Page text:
LITTLE ROCK, Ark. — Two panhandlers said Tuesday they’re afraid they’ll be prosecuted for asking for money under a rewrite of Arkansas’ anti-loitering law, but attorneys for the state say the new measure still allows begging in many forms.
A federal judge heard arguments and testimony over a lawsuit brought by the American Civil Liberties Union over the law. The ACLU of Arkansas has asked U.S. District Judge Billy Roy Wilson to halt the law, which expands the definition of loitering to include someone asking for anything as charity or a gift in a harassing or threatening manner in a way that’s likely to cause alarm to the other person or creates a traffic hazard.
Wilson last year struck down a section of the state’s loitering law that prohibited begging for money, food or other charity. The ACLU has argued the new law has the exact same effect as the previous statute and would infringe on constitutionally protected rights.
Flynn Dilbeck, one of two panhandlers suing the state over the new law, said he had previously panhandled in northwest Arkansas to help support his ill daughter but moved to Tennessee after the new measure took effect out of fear he would be cited or prosecuted.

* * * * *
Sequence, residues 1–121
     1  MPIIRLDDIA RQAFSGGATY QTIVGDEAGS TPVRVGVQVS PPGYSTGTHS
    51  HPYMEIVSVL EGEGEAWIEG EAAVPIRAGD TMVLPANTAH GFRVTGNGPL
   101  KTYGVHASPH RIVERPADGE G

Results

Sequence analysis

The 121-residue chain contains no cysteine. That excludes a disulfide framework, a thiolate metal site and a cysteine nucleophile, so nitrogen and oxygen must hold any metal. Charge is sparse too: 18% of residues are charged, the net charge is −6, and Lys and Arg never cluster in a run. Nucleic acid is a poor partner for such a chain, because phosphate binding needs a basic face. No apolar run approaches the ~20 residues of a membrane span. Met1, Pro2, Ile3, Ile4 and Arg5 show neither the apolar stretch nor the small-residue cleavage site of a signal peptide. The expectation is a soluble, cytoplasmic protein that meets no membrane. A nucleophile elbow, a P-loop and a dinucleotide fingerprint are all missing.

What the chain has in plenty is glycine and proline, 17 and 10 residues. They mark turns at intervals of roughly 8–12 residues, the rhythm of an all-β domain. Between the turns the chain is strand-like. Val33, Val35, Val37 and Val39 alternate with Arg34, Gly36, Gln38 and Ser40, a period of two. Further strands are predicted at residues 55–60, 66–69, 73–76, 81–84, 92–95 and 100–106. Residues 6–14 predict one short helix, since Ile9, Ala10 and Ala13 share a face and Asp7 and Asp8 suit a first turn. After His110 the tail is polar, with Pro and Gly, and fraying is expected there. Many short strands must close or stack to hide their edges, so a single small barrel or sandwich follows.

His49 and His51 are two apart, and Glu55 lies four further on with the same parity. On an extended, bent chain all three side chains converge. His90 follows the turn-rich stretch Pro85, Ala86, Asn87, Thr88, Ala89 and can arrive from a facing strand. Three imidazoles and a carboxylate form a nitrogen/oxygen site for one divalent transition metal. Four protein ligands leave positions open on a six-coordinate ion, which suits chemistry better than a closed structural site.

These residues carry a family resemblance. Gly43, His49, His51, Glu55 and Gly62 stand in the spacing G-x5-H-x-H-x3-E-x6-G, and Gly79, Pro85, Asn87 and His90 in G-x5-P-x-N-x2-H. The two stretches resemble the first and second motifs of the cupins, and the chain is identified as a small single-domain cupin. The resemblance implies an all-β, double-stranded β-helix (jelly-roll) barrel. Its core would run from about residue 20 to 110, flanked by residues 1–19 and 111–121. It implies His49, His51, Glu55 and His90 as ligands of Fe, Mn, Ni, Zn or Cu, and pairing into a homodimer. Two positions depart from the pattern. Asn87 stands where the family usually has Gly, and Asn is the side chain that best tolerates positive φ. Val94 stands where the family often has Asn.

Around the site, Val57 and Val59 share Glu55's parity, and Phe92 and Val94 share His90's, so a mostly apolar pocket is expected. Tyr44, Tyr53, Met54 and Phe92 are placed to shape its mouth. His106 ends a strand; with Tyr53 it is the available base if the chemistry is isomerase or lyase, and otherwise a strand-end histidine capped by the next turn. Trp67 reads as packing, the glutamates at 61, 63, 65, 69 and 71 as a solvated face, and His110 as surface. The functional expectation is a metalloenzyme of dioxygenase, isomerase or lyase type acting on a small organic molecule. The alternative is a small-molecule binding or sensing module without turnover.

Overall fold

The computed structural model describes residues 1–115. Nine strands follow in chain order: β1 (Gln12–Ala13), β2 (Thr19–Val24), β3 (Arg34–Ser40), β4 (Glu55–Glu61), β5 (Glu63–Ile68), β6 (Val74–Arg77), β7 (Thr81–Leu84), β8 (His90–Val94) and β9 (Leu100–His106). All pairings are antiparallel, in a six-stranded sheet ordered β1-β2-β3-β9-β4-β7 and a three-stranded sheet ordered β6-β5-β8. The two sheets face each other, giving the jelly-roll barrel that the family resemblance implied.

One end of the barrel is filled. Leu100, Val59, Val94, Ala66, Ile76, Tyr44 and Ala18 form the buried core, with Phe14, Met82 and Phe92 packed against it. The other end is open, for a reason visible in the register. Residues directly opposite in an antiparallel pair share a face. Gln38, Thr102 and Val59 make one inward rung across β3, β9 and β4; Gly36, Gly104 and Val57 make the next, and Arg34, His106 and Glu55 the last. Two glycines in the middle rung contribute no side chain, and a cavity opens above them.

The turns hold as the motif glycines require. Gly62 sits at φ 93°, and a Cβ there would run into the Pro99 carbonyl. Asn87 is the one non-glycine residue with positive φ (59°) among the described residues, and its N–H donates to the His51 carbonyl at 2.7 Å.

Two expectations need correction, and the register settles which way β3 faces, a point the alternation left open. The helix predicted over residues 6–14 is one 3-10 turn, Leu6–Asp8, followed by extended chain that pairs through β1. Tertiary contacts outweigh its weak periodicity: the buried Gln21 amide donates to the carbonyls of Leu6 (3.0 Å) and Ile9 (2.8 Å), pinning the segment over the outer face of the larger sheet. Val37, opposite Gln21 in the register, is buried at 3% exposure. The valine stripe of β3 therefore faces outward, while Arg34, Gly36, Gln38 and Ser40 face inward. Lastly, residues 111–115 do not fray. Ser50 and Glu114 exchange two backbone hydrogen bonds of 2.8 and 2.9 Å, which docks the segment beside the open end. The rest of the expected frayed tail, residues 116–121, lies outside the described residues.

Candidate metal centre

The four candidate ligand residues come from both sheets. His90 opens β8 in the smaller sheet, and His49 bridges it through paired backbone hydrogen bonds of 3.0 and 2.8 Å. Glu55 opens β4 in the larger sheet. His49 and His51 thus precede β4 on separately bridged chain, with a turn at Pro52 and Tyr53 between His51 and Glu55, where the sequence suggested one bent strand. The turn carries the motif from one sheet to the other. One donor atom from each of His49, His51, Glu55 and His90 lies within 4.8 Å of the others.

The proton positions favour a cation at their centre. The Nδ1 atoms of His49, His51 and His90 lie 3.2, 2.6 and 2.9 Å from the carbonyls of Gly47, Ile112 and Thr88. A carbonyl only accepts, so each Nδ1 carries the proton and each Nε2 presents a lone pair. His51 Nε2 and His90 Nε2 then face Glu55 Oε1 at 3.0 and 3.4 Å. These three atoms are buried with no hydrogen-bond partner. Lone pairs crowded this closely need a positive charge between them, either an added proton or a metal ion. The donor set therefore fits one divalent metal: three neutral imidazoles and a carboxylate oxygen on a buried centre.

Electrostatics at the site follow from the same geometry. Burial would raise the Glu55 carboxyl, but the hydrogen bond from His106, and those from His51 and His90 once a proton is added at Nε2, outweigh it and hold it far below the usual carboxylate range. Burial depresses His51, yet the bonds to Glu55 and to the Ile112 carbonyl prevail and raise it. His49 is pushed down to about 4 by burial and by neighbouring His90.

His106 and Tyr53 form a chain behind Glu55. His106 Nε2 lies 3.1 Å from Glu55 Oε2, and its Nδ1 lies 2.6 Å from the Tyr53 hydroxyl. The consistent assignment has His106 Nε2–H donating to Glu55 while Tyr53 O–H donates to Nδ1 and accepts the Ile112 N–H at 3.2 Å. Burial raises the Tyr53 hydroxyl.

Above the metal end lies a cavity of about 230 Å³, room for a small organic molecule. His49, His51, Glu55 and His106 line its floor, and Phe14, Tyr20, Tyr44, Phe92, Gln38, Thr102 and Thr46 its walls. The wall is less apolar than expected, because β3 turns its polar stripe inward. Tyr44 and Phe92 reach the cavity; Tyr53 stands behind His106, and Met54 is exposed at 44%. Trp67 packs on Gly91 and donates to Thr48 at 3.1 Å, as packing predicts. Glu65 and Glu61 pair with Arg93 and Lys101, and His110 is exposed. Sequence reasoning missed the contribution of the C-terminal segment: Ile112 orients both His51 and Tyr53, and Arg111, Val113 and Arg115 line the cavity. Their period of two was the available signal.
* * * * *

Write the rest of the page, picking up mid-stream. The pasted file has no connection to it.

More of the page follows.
Dillbeck said without the measure, “I would have more freedom to hold my sign and not worry about whether a police officer drives up.”
Michael Rodgers, the other plaintiff in the case, said he still panhandles in Garland County but not Hot Springs out of fear that he would be cited under the new law. Rodgers, an Army veteran, said he suffers from a back injury and post-traumatic stress disorder.
“If a man put a gun to my head, I’d still have to beg to make a living,” Rodgers said.
Attorneys for the state argue Arkansas has a compelling interest in preventing begging that could create traffic hazards and threaten people, and said they believe the measure crafted after Wilson’s previous ruling is narrow enough to meet that goal.
“The revised statute does not ban begging in all places, all times, all manners, as the court found problematic with the old statute,” Assistant Attorney General Delena Hurst said.
The ACLU, however, argued the wording of the measure is vague is it depends on whether someone perceives the panhandling as alarming.
“What makes one person feel alarmed in a situation won’t make another person feel alarmed,” Katherine Stephens, an attorney for the group, said.
Wilson did not rule at the end of Tuesday’s hearing on the ACLU’s bid to halt the law.
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